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Posts tagged ‘Adoption’

More evidence that LGBT parents are good

Yet another study has found that gay and lesbian parents are just as good as straight parents, even when the circumstances are (for lack of a better term) stacked against them. It examined (at 2, 12, and 24 months after adoption) 82 high–risk children who were adopted. Of those children, 60 were adopted by different–sex couples and 22 by same–sex couples. The result?

From the abstract:

On average, children in both household types showed significant gains in cognitive development and maintained similar levels of behavior problems over time, despite gay and lesbian parents raising children with higher levels of biological and environmental risks prior to adoptive placement. Results demonstrated that high-risk children show similar patterns of development over time in heterosexual and gay and lesbian adoptive households.

And as mentioned at Salon, LGBT couples were more likely to adopt higher–risk high–risk children.

These results are entirely consistent with numerous previous studies: same–sex couples are just as good at parenting as different–sex couples, and perhaps even a little bit better.

Of course, I know that (almost certainly) not one wingnut or homophobe will change their views about this. Besides being driven by homophobia, I also see those people’s opposition to LGBT adoption as being driven by misogyny. After all, if you truly, truly believed that abortion was murder, how the hell could being adopted by a same–sex couple possibly be worse than killing someone? Now, you would think that it would be better to be adopted by a same–sex couple than to be dead. This would apply even if same–sex couples were the worst possible parents (which they’re not). This is why anyone who is why simultaneously being both anti–choice and anti–LGBT adoption is a hopelessly incoherent position. These people cannot possibly think that research going on since the 1970’s and all showing the same result (same–sex couples are just as good as different–sex couples) is inadequate. The only possible explanation is that they really do believe that being raised by a same–sex couple is worse than death. If they do believe that then they really are the worst sort of homophobe. If they don’t, then they are simply the usual anti–choicer who sees forced birth as a woman’s punishment for daring to have sex. That’s why those people’s opposition to LGBT adoption is motivated not only by homophobia but also by deep misogyny.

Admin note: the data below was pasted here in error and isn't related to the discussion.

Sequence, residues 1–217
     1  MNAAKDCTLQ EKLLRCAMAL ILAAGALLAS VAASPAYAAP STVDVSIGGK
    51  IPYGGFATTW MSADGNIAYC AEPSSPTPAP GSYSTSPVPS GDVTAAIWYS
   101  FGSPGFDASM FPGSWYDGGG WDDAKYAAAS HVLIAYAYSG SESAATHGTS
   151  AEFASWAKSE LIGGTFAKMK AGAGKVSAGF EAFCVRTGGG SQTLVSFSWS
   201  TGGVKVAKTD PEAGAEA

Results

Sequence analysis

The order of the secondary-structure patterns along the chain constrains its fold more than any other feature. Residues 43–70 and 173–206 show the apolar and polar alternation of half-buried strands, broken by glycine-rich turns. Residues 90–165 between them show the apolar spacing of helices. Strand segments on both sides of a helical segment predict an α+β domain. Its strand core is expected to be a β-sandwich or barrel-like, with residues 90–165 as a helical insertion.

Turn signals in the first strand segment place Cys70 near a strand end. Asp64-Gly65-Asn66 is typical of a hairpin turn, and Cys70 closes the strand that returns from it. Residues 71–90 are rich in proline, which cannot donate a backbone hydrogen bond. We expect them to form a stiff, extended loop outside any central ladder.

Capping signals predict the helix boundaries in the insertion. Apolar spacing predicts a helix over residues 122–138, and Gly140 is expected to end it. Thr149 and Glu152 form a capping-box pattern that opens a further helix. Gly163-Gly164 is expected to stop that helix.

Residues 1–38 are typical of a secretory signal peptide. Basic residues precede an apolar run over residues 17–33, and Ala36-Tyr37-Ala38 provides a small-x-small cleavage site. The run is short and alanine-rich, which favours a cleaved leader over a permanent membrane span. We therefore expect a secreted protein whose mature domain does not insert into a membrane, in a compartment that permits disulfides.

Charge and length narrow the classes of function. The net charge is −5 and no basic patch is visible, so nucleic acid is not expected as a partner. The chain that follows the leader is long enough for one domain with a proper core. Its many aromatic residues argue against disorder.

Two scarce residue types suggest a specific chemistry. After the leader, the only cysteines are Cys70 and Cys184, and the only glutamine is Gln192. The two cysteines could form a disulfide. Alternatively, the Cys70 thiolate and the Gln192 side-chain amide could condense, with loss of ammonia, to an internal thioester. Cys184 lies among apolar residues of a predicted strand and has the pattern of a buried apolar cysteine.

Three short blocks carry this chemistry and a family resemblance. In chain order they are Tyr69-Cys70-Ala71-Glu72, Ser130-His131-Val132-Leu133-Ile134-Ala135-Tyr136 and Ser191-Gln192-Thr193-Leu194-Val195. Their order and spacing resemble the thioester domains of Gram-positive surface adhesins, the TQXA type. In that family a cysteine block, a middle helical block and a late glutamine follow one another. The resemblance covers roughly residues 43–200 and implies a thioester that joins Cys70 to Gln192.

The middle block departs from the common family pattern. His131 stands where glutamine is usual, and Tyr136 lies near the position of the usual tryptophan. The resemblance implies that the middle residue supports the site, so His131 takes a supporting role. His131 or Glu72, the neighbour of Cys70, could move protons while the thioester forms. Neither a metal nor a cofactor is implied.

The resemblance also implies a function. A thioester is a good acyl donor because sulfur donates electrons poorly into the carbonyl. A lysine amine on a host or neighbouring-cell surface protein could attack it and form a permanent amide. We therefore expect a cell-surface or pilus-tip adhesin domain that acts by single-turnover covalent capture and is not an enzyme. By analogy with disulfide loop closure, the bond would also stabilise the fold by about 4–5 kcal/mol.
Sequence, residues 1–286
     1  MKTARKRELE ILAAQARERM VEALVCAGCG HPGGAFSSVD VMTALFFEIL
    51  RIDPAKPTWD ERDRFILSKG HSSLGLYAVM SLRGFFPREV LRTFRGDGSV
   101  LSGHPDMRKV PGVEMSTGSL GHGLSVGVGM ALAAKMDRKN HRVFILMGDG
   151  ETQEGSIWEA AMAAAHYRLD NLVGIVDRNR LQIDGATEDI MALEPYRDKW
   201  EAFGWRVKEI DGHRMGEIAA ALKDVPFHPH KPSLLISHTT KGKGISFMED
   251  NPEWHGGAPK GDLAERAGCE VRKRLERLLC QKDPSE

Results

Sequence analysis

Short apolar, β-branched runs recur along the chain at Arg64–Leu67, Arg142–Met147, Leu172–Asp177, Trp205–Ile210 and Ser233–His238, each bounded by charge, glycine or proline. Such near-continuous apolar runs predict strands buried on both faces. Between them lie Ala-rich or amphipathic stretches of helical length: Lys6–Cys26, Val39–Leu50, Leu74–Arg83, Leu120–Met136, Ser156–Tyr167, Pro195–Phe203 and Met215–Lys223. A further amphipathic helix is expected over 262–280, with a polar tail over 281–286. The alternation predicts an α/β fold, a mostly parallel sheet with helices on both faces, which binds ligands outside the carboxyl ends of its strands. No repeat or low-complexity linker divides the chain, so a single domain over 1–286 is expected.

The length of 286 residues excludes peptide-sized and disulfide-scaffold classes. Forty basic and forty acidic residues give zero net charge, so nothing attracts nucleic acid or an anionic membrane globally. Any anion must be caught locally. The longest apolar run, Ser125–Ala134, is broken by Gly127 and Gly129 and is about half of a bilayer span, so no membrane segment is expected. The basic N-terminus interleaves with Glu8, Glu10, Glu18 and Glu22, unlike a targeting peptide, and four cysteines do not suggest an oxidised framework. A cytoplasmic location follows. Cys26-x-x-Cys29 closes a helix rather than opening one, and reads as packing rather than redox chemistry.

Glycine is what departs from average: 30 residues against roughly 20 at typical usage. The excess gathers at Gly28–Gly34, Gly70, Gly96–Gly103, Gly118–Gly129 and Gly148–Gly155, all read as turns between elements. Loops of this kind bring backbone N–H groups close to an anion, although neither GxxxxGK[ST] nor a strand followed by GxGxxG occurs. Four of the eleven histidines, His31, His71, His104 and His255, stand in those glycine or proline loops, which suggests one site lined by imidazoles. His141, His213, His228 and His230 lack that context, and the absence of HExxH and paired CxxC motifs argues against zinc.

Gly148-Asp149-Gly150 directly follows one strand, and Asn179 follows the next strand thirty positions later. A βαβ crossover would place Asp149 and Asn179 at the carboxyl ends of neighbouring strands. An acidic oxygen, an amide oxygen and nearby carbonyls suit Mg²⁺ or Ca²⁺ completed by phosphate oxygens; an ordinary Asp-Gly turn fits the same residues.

Via slendermeans.

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Florida court upholds striking down of LGBT adoption ban

A Florida court has upheld an earlier decision from 2008 that struck down that state’s law banning adoption by same–sex couples (hat tip).

This is the correct decision. It benefits children because they can now have real parents. Families headed by same–sex couples are more democratic (cite, source in Spanish). Same–sex couples are just as good at parenting as different–sex couples (cite, cite, cite, cite, cite, cite). With all these studies in hand, ignorance is no longer an excuse. Only a cold, callous, stone–hearted bigot could continue to oppose this law, therefore preferring children to be in foster care or orphanages rather than with loving, capable parents.